Nevertheless, this course is not a MATLAB tutorial. It is an introductory programming course that uses MATLAB to illustrate general concepts in computer science and programming. Upon completion, you’ll understand the general concepts of computer science and programming, and gain a solid foundation in the use of MATLAB.

Students taking the course will get a MATLAB Online license free of charge for the duration of the course.

What You’ll Learn

The course begins with an introduction to the MATLAB environment and user interface, where you’ll learn how to use MATLAB as a sophisticated calculator and how to create plots.

Then, you’ll learn how to work with basic unit of MATLAB — the matrix. We solve problems by manipulating matrices, and operators are the primary means by which we manipulate them. You’ll learn how to define matrices, extract parts of them and combine them to form new matrices, and become familiar with the operators and the orders of operations in MATLAB. Afterwards, you’ll learn how to create and use functions to break down problems into smaller, more manageable and reusable parts. 

The next section of the course deals with the many built-in functions in MATLAB. You’ll learn about polymorphism, the MATLAB random number generator, how to get input and print to the Command Window, how to plot graphs in a Figure window, and how to use MATLAB’s debugger.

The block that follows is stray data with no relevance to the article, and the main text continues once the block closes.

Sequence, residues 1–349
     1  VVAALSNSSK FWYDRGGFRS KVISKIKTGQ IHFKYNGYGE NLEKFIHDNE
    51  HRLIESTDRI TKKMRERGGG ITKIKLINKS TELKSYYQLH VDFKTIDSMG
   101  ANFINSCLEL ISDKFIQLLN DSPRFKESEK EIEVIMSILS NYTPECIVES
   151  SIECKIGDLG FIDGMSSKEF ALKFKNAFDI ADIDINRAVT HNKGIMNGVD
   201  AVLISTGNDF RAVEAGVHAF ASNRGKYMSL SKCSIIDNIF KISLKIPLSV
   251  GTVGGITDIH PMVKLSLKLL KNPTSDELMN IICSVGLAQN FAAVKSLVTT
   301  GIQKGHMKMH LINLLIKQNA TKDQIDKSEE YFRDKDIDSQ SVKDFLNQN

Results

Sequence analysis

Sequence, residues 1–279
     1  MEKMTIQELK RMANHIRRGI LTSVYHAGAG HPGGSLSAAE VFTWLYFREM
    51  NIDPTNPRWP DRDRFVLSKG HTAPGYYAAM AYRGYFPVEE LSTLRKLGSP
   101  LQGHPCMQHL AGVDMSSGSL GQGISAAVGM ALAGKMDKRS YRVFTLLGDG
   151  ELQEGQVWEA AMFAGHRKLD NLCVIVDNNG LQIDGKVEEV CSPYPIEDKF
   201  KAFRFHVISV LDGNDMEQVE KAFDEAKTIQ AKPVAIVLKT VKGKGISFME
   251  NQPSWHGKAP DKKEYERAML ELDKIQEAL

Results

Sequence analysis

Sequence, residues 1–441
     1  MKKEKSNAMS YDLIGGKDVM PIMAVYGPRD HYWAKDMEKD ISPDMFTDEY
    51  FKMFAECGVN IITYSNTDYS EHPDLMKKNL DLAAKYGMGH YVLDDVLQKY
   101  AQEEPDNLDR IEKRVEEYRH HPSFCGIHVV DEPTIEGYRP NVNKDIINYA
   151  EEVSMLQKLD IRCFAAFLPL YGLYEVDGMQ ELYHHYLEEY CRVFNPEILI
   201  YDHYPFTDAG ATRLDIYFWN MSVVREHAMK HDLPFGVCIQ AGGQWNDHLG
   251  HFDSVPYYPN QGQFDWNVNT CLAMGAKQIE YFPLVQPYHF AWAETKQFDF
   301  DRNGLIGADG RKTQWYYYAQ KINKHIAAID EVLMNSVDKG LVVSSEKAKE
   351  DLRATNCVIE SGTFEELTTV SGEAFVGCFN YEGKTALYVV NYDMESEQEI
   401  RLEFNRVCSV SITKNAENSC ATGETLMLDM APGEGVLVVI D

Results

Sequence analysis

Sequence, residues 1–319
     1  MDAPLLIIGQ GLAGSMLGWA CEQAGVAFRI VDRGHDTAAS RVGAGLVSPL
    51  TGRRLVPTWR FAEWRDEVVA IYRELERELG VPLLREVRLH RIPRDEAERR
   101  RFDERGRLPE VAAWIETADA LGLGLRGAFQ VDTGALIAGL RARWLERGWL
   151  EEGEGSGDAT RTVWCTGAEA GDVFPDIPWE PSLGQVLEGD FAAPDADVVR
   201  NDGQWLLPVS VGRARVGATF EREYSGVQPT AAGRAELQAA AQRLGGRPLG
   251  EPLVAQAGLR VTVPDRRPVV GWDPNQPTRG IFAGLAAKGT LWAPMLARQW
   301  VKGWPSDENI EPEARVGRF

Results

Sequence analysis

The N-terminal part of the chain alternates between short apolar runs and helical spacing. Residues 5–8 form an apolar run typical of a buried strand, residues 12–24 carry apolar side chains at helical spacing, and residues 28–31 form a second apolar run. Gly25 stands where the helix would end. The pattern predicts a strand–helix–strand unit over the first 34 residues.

Moving on, you’ll learn about basic MATLAB programming like selections and loops.

You’ll learn how to use the if-statement, which is the most important method of selection, along with the for-loop and the while-loop.

MATLAB has 15 fundamental data types, and you will study them in this section of the course. The course describes the ten types of numbers and how to convert one type into another. You’ll learn much more about strings, how to produce heterogeneous collections of data via structs and cells, and lastly, how to store points in time and time durations.

In the final part of the course, you’ll be introduced to MATLAB’s most important methods for reading and writing files — like MAT-files, Excel files, text files, and binary files — and how to navigate through folders with MATLAB commands. You now have a comprehensive understanding of MATLAB programming and programming in general!

How You’ll Learn